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By: Juan Ruiz / April 5, 2024
Tags: Content, Content marketing, Digital

Building an effective homepage

You only get one chance to make a first impression. This holds true when meeting someone for the first time and when someone clicks to open a website. Often, the homepage is responsible for captivating and engaging a user upon their first encounter, ensuring a return visit—or at least leaving them with a positive and lasting memory.

For these reasons, a well-designed homepage should guide users toward their goals while serving as a “display” or “front door” for new visitors. This page also serves as a navigational anchor point, a place users tend to return to when starting a new navigation journey or seeking more information about a business.

As we established when discussing navigation some months ago, usability is a key quality attribute that allow web designers to find ways to engage users and enhance ease-of-use within a website. It is not an abstract concept; and as mentioned, it is defined by five quality components: Learnability, Efficiency, Memorability, Errors and Satisfaction.

If homepage design follows strong usability guidelines, you can increase the possibilities of engagement and success. Here are four fundamental principles for homepage design that may seem evident, but if you pay attention, you’ll notice these rules are broken more often than you might think.

Communicate who you are and what you offer

When walking through a shopping centre, it’s likely you can easily identify what a shop sells or what they do simply by looking at their window and the products displayed. You shouldn’t have to enter and browse through the aisles or ask a salesperson to find that out (and if you do, it’s probably part of their sales strategy). Similarly, when you arrive at a website homepage, you should quickly identify what the business or organization does and what you can accomplish on the site.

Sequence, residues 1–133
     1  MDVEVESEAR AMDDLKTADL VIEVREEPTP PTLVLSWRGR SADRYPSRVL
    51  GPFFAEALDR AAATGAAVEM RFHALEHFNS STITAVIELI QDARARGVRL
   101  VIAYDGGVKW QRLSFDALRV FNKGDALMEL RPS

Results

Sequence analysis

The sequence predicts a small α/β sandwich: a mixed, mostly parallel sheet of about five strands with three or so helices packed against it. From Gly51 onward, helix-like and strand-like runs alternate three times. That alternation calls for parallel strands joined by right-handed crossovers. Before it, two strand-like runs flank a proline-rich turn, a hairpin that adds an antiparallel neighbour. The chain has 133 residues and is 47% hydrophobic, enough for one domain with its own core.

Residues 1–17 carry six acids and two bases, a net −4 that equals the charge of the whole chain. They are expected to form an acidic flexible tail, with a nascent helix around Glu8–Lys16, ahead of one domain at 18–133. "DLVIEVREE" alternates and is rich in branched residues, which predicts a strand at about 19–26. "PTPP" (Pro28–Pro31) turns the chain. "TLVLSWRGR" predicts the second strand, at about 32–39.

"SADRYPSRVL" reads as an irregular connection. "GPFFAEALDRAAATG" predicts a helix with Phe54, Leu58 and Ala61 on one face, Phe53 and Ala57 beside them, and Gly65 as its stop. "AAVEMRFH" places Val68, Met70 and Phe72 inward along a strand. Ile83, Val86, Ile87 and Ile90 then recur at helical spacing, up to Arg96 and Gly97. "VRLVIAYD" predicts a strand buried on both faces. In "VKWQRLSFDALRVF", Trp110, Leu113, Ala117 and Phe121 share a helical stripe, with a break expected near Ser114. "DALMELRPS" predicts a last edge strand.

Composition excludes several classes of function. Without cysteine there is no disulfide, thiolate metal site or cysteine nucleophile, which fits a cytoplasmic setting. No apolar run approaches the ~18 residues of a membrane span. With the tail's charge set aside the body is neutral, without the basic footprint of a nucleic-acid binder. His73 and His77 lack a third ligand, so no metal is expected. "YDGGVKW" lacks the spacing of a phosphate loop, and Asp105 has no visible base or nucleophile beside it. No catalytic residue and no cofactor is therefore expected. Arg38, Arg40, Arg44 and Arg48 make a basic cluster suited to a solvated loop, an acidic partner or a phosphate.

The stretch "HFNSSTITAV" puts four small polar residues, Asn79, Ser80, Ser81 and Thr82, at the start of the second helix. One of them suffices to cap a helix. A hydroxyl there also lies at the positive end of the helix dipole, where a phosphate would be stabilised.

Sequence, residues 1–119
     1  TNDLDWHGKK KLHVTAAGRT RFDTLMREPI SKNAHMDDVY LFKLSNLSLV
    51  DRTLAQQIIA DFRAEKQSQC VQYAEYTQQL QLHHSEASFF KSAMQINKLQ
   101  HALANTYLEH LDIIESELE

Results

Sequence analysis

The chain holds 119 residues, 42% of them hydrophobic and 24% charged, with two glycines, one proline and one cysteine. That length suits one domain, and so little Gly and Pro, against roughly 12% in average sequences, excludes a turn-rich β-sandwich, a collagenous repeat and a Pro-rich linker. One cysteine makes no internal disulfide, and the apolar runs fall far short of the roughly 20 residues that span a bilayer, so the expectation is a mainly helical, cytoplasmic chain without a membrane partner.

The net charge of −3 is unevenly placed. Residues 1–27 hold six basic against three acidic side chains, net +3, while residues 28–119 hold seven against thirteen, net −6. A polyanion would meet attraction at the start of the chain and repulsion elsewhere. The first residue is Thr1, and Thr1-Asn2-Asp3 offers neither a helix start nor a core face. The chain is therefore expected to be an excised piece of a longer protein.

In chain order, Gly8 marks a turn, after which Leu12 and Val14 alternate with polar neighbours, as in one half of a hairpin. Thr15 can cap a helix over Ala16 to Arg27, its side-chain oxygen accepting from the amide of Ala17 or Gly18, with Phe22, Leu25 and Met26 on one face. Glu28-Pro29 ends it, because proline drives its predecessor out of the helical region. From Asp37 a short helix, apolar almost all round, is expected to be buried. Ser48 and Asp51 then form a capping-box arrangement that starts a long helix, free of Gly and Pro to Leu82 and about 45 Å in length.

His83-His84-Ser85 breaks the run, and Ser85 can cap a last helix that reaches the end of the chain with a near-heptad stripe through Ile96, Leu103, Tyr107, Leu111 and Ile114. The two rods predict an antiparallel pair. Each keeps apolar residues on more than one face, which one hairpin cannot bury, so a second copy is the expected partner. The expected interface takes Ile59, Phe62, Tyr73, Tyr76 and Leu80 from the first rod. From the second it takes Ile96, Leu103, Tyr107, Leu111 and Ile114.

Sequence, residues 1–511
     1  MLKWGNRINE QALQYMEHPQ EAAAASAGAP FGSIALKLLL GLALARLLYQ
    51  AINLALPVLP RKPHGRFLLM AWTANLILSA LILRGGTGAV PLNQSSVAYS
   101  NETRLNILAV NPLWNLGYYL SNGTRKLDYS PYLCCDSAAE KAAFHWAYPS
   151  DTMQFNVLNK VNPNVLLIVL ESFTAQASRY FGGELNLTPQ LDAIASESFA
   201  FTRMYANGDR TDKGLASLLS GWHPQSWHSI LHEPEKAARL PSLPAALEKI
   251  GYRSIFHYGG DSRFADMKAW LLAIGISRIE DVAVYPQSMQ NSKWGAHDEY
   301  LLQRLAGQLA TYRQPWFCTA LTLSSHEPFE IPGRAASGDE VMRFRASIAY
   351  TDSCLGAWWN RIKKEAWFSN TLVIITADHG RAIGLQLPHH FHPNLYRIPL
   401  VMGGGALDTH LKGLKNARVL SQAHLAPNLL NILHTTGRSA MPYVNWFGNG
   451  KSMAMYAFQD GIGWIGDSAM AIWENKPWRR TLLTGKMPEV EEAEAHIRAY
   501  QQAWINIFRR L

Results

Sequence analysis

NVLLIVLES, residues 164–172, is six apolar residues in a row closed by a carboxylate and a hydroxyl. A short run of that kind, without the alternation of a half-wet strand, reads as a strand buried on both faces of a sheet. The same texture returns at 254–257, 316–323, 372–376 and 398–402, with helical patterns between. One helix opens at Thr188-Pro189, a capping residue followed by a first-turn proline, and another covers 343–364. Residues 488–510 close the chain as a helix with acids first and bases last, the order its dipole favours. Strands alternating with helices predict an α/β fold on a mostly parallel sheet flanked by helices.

People shouldn’t have to guess or browse extensively to determine if products can be purchased online or if the site is purely informational. Similarly, you should be able to concisely express what services or products are being offered instead of expecting users to browse through different pages to find out.

A good example is our homepage where, in one sentence, we clearly establish what we are, a full-service marketing agency, and outline the services we offer.

Forte Marketing Homepage

Provide examples

Returning to the physical store example, there’s nothing more helpful than seeing the latest sneakers on display rather than a written sign saying, “latest model available.” Website visitors rely on and expect to see examples of the company’s offerings, previous works and showcases. Having these encourages visitors to explore more and quickly determine if you have what they are looking for.

Going back to our homepage, showcasing a wide range of industries within our portfolio allow visitors to determine if we are a good fit and encourages further exploration.

Forte Marketing Showcase Section

Prompt action

This applies to any page on a website, but as the homepage usually marks the beginning of a user’s exploration, it is critical that it clearly communicates what is next and what key actions you expect from visitors.

While having a single call-to-action would be ideal, a homepage can have multiple tasks available. In saying that, it is key to prioritise these and understand user needs and emphasise on those high-priority actions.

For example, Greater Northern Removals understands that users often make a decision based on pricing. Therefore, placing a quick quote form at the top of the page allows visitors to get in touch with the business and start the process with ease.

Greater Northern Removals Homepage

Keep it simple

For business owners it is often challenging to prioritise and define what’s more important. In some cases, the decision will be to include as much content as possible. However, it is important to keep it simple to avoid overwhelming users. Limit animated content to a minimum unless it adds value, and eliminate distractions such as popups, sharing buttons and automated chats. Clutter and long-form content can negatively impact homepage usability.

As businesses evolve and new products and services are added, its homepage should reflect those changes, just as brick-and-mortar businesses refresh their shop fronts to display new products or when seasons change. However, even as web design continues to evolve, we expect these principles will remain relevant and serve as a guide for crafting your homepage.

Juan Ruiz

Web Developer & Director

Juan is an experienced web developer with a career spanning multiple industries and roles.

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